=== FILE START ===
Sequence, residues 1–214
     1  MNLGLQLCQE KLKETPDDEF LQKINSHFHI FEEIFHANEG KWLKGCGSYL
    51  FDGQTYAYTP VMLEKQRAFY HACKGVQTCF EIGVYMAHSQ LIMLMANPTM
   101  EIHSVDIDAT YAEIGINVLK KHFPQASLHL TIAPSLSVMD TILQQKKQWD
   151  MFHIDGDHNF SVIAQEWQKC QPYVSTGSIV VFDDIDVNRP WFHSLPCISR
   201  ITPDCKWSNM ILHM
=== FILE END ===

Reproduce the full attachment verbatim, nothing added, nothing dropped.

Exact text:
Sequence, residues 1–214
     1  MNLGLQLCQE KLKETPDDEF LQKINSHFHI FEEIFHANEG KWLKGCGSYL
    51  FDGQTYAYTP VMLEKQRAFY HACKGVQTCF EIGVYMAHSQ LIMLMANPTM
   101  EIHSVDIDAT YAEIGINVLK KHFPQASLHL TIAPSLSVMD TILQQKKQWD
   151  MFHIDGDHNF SVIAQEWQKC QPYVSTGSIV VFDDIDVNRP WFHSLPCISR
   201  ITPDCKWSNM ILHM